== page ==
Poor Students Top Performers at Elite Unis

Poor students top performers at elite unis
Luke Slattery   From: The Australian   December 09, 2009 12:00AM
STUDENTS from poor backgrounds are less likely to attend the nation's prestige universities, but those who do are likelier to finish their degrees, according to a report by the Group of Eight.
The report, released earlier this week, will inform a Go8 equity strategy that is being hammered out in response to the federal government's call for a boost in the proportion of undergraduates from low socioeconomic backgrounds to 20 per cent by 2020.
The report found 72.4 per cent of applicants to Go8 universities achieved an equivalent national tertiary entrance rank score of more than 80.05 last year and of these only 10.4 per cent were from low socioeconomic backgrounds. But the imbalance was corrected to some extent by better retention and academic success rates for students from these backgrounds.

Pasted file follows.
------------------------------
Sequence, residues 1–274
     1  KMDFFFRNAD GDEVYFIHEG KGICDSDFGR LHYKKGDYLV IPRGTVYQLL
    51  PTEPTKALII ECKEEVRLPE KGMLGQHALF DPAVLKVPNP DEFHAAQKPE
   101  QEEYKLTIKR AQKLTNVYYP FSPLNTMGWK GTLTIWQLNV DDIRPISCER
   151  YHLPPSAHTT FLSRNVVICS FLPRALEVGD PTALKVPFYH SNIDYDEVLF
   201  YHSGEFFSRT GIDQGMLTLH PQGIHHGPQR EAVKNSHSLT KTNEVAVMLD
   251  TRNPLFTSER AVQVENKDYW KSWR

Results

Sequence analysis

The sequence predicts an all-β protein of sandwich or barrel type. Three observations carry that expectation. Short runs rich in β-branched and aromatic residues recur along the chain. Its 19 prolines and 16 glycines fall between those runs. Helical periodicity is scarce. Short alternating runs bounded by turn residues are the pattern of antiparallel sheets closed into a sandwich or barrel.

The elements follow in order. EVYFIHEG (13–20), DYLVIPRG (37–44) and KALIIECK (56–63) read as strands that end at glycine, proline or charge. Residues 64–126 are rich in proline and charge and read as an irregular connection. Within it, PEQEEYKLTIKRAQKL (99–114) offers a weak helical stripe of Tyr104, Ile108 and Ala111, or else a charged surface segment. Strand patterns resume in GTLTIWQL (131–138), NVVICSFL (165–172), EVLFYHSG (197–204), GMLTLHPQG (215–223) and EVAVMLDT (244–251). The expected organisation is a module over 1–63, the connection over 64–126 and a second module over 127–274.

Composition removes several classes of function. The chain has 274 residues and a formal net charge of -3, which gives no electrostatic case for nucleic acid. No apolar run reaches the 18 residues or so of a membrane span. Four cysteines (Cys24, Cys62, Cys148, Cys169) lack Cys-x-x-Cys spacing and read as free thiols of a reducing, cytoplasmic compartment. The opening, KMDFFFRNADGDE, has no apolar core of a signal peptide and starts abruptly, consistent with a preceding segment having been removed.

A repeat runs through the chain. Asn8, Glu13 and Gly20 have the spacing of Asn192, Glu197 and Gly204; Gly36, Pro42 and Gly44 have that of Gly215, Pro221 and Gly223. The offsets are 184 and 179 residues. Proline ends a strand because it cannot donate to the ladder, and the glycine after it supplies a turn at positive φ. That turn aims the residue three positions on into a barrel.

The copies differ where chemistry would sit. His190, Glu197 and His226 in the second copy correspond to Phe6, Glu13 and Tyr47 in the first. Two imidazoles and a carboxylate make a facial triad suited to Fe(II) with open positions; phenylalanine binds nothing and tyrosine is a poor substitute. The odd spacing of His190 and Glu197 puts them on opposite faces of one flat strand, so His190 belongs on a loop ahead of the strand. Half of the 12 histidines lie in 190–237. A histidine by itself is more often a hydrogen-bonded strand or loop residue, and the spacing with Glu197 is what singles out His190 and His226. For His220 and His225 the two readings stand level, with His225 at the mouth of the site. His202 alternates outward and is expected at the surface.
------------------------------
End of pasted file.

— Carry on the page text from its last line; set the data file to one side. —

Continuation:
"Retention rates were higher in Go8 universities than any other universities across all equity groups in the five-year period from 2002 to 2006," the report says. "The difference was greatest for remote students (77 per cent in Go8 universities, 66.9 per cent in other universities) and indigenous students (70.2 per cent in Go8 universities compared with 60.6 per cent in other universities)."
The report says the dropout rate for low-socio economic status students, likewise, is lower within the Go8 than outside it.
The Go8 report comes after the federal government released its own attrition figures for 2001-07 which revealed a national dropout rate of 18.9 per cent for undergraduates. The worst rate, of 40 per cent, was found at the Batchelor Institute of Indigenous Tertiary Education in the Northern Territory, while the lowest dropout rate, of 8 per cent, was recorded by the University of Melbourne.
Earlier this year the Go8 was stung by a higher education equity report written for the University of South Australia's new National Centre for Student Equity in Higher...